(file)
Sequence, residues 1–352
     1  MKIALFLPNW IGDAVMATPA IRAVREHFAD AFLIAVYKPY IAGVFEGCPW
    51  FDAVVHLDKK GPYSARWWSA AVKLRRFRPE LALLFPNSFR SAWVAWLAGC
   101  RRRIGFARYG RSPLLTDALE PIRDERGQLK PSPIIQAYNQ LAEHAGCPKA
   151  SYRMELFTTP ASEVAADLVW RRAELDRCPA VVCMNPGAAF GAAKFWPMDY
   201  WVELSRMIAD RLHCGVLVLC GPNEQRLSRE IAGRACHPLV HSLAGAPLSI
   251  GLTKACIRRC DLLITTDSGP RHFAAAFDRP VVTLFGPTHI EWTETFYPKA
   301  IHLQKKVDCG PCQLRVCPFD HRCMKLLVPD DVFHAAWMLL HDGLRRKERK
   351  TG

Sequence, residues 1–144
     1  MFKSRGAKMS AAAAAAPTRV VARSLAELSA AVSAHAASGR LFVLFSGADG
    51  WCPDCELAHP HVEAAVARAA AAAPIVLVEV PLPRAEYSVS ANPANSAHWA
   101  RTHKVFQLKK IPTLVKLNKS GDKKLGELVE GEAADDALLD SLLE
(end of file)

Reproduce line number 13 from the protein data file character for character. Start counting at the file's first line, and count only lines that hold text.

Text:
   101  RTHKVFQLKK IPTLVKLNKS GDKKLGELVE GEAADDALLD SLLE